Along with the booklists and backpacks to be readied for the fall 2016 semester, a recently passed Texas law has introduced a new item: beginning in August, licensed holders will be permitted to bring concealed handguns onto college campuses in Texas.
In view of the changes that the Texas Campus Concealed Carry Law will bring to Texas A&M University-Kingsville, the staff of The South Texan met to discuss concerns, and what can be counted with thankfulness in this situation. Collectively, we would like to submit that while the bill itself is not satisfactory in our view, the ways in which the Texas A&M System—and specifically TAMUK—has responded should be commended.
Raul Altamirano, chief reporter for The South Texan, articulates the concern that we have felt in connection with the new law. “The fear of a situation escalating where a certain individual decides to exude an overflowing sense of machismo still lingers in the back of my mind. I’m hoping for the best, but the thought of an incident occurring where someone decides to pull out their gun and use it just for the sake of using it feels inevitable,” he noted.
It is a worry that arises not out of contempt for the Second Amendment, but from the possibility of a weapon misplaced or mishandled. Samuel Galindo, reporter for The South Texan, explains why we have been wary on the matter. “In regards to the Texas Campus Carry Law, I cannot help but become plagued with mixed feelings for this rather bold move. However, it does not surprise me. Texas has been and most likely always will be a state that will ‘cling to its guns.’”
“However, with so many disastrous campus shooting taking place on campuses throughout the country, I believe this law should be closely monitored…because the small number of bad ones can do a great deal of damage to Texas college students.”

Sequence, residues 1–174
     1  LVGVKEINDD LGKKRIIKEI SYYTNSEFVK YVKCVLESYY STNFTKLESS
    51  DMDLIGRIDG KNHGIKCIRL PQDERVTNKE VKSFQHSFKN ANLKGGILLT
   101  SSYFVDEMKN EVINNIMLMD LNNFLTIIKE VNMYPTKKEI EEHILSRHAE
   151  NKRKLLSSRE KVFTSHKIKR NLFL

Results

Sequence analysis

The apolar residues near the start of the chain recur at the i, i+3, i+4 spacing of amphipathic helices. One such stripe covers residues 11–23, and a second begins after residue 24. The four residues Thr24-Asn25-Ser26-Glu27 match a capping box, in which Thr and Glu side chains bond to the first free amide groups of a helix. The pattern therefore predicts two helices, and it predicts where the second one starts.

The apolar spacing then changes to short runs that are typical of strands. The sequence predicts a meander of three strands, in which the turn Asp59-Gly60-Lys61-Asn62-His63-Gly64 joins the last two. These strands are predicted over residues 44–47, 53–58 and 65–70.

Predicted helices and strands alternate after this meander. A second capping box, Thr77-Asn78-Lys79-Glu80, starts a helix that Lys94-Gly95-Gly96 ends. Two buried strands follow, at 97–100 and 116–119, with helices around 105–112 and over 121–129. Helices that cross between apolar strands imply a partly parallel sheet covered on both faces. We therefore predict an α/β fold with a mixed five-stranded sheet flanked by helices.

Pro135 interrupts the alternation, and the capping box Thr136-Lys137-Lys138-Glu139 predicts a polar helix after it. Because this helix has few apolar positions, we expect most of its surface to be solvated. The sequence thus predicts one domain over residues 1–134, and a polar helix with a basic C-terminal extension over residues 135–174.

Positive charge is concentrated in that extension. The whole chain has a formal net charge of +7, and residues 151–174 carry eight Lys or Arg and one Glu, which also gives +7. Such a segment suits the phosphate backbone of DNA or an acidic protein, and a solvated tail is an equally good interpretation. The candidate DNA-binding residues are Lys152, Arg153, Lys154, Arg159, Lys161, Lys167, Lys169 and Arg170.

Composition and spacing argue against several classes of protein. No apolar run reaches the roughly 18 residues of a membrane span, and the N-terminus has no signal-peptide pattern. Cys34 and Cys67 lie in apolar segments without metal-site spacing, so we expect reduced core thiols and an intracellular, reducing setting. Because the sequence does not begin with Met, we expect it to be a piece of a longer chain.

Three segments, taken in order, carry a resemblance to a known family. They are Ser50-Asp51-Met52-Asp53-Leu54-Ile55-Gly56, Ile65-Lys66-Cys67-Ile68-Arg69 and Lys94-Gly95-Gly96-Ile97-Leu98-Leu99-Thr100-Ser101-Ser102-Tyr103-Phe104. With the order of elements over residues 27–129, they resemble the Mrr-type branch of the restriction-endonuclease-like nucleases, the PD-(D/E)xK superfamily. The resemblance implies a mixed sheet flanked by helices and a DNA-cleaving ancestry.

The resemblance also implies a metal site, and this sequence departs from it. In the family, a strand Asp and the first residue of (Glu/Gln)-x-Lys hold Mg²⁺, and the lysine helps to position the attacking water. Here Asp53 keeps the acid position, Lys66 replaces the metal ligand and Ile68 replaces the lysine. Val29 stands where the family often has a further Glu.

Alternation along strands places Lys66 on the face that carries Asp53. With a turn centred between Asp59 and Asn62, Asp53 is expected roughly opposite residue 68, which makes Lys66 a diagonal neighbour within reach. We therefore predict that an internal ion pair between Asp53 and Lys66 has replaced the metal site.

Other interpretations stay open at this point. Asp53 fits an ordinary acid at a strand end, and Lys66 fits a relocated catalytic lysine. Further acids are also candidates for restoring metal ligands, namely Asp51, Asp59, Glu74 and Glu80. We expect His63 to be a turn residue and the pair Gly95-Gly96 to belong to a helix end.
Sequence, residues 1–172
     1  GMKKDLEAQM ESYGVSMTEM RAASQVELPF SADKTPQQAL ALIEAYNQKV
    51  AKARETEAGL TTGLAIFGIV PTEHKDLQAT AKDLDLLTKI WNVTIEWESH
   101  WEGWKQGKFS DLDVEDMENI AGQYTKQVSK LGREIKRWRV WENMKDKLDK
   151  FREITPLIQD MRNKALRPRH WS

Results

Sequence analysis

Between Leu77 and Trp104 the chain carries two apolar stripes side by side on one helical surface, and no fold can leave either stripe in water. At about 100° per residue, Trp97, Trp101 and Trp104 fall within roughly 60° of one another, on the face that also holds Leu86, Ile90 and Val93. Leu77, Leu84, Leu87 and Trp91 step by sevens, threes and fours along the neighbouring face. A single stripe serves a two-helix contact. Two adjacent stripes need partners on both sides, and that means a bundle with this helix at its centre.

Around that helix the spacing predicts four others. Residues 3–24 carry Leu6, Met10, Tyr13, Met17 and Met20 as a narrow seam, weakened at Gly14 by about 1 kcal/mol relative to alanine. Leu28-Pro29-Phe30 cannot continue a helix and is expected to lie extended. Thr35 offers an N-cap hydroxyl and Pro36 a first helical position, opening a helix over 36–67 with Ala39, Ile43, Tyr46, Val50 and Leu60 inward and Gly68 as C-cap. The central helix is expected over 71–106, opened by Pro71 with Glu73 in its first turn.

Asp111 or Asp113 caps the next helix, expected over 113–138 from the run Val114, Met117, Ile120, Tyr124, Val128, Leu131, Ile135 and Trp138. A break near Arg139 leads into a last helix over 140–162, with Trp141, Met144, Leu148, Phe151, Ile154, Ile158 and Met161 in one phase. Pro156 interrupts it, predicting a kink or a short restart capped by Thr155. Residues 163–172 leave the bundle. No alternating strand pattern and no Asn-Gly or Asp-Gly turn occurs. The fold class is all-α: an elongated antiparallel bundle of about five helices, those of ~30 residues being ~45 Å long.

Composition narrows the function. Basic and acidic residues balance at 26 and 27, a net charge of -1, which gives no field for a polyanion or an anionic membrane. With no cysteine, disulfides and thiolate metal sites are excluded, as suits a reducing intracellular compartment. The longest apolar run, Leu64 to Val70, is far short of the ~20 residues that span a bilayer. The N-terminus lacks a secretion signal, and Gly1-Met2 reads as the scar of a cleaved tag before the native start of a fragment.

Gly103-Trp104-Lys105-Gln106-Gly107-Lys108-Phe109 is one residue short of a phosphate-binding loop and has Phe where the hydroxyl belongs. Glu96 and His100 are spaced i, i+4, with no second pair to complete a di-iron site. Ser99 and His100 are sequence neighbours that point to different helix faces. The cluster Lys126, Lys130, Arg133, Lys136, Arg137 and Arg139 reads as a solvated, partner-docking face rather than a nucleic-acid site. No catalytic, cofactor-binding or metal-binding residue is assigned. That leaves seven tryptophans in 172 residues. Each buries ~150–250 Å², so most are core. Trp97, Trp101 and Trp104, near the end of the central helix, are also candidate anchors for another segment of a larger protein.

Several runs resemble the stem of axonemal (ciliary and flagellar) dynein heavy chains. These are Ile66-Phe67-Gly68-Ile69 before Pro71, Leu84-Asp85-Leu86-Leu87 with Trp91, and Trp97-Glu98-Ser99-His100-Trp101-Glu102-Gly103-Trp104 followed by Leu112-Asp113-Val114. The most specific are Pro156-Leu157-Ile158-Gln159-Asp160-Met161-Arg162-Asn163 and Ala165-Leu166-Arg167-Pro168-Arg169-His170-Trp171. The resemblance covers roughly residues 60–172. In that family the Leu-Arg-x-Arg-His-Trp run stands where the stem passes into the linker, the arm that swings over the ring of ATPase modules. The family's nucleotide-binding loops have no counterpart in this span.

Yet, as Altamirano observes, through its SB-11 Committee, TAMUK has done much to assuage fears in its handling of the law. This is due, in part, to the university’s willingness to receive feedback from the campus community, as well as their transparency throughout the process.
“It is evident by how many revisions and drafts are available online via TAMUK’s homepage that real time and consideration has been warranted by our university to make sure the real concerns of students and staff are considered before any policies are set in stone,” Altamirano explained.
Part of TAMUK’s strength on this subject has also come through its specificity, Altamirano holds. “While the constraints on other universities within the A&M system seem to have general guidelines for where concealed firearms would not be permitted, TAMUK has provided its campus with a litany of areas, specifically named, where said firearms would absolutely not be allowed. A few of those places include where flammables are located as well as wherever minors are present.”
Angela Garza, editorial editor for The South Texan, in summing her concerns, is sure to offer thanks where due. “I may not feel safe with this new state law that has been passed, but A&M has calmed my overwhelming anxiety and paranoia at least a tad by laying out strict rules about where firearms may be permitted. All I can say is, thank you to the hardworking people of Texas A&M-Kingsville who have worked tirelessly to make this campus a safer place.”
Together, we as the staff of The Staff Texan offer our thanks to those at Texas A&M University-Kingsville who have offered an example of excellence, and thought, in ensuring that the safety of the TAMUK community remains at the forefront.
Follow The South Texan on Twitter: @thesouthtexan